Ces Says... Lessons on communication from the late Celia Lashlie

On August 2nd as I sat in my seat at Wellington’s Embassy Theatre, I was terrified. I had surrendered the biggest project of my life to the world and I had no idea what was going to happen next.

Eleven weeks later, CELIA has finished her debut tour with the New Zealand International Film Festival’s 2018 season to sold-out theatres, extra screenings and the biggest box office success for the festival this year.

Images by Victoria Vincent, New Zealand International Film Festival

I never doubted the pull and power of social advocate, author and close friend, Celia Lashlie and her messages, especially profound in her last days. However, the novice feature-film maker in me was coy, tentative and certainly didn’t want to get ahead of myself in terms of whether it was going to cut it up there on the Big Screen.

It occurred to me during the screenings that while sadly we don’t have Celia Lashlie here anymore, we can still celebrate her incisive wisdom and straight-up communication. No one can rival her.

In my work as a trainer, people often ask me, who do I admire as a public speaker or communicator in this country? For so long, I’ve struggled to identify who that person is.

And then it hit me. How did I not know this after sitting and working with her interview for three years and creating more than 46 different versions of the 100 minute documentary? It was right in front of me.

There are too few leaders and advocates who truly give truth to power.
— Amanda Millar

Celia Lashlie was no fan of delivering 10 second sound bites. She was the consummate storyteller. She was authentic before the word became the buzzword of the corporate world.

I’m constantly advising people who I work with to own your own story, your language and your actions when you’re communicating. Being you is the most powerful person you can be. No one else can be you. The reality is, many of us try to be someone else when all eyes are on us.

Jargon and blah-speak like ‘functionality, outcomes, frameworks and moving forwards’ would have made Celia’s toes curl. They’re meaningless.

The aim of good communication is to connect and engage. You must always be building a relationship with your audience so that you’re reaching them and making your content relevant.

Ces always knew her audience. I, along with tens of thousands of New Zealanders miss her forthright and very often, brutal eloquence. Her choice of ‘f-words’ were there for a reason where others would only ever use them for affect.

While her stories were about the vulnerable and the marginalised, they touched all of us. She was the maestro of making it relevant and real.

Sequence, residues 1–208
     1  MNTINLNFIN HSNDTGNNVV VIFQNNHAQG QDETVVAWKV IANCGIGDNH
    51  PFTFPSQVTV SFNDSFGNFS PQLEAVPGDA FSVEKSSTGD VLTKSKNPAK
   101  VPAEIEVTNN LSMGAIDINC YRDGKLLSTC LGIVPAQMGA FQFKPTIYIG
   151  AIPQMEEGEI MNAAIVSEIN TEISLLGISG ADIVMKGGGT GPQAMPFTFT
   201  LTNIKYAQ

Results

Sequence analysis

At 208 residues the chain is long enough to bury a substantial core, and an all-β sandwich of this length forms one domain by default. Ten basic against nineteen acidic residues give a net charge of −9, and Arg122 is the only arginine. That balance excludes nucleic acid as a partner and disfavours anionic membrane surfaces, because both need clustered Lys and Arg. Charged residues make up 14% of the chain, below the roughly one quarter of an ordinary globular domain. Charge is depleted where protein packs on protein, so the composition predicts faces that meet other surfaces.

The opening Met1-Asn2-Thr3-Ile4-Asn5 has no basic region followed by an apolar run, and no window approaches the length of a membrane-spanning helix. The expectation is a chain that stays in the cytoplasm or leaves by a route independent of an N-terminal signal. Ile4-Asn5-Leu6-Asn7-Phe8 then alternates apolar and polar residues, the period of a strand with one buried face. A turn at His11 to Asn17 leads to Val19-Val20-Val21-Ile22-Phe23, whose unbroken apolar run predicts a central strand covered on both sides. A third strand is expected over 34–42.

There are too few leaders and advocates who truly give truth to power. We look to those people whose vision isn’t some template or abstract concept. If we’re to change, we need inspirational communicators who truly lead us. Who hear us. Who get us. Who speak to us.

In Celia’s words in her final interview, the one thing she asked of all of us to do once she’d gone was, “Listen. It’s easy, easy, easy.” We nod. “Yeah easy as”, you say. No. We might hear but we don’t listen.

I urge you to try sitting alongside your colleague, your employee, your client, your son or your partner and focus. Don’t say anything. Listen for several minutes and see how the relationship changes.

Too many of us, including agencies, not only tell you what to do, we tell you how to do it.
— Celia Lashlie

Since the film’s release I’ve watched CELIA again and again. I can’t tell you how many times I’ve watched it since I began editing 18 months ago yet I never ever tire of her words… so what’s that if it’s not a compelling communicator?

I’ve realised Celia’s gift in that final interview has provided lessons for all of us, whether we’re corporate leaders or prison inmates.

Over the next few months, I will run a blog series that will provide individual “Ces Says” lessons.

These will focus on:

  1. The power of expressing vulnerability.

  2. Why ask why?

  3. Listening – We never pay attention/how to be less judgmental.

  4. Learn to shut up. The dangers of having the last say and recognising your way isn’t necessarily the best way.

  5. The power of story-telling. How to connect through metaphors, examples and personal insights.

  6. Lead by example. People are watching. What is your behaviour telling them?

  7. Taking care of ourselves – as Ces says: “The yearning of our spirit”

In summary, as Ces says, “Too many of us, including agencies, not only tell you what to do, we tell you how to do it.”

Give the power back. It’s nothing complicated. It doesn’t cost money but it could solve so many problems and reduce ugly statistics while building independence, productivity and self-worth that will validate the lives of so many who don’t believe they're being listened to.

Amanda produced and directed CELIA. Due to demand, the film will be back in movie theatres throughout New Zealand early in 2019.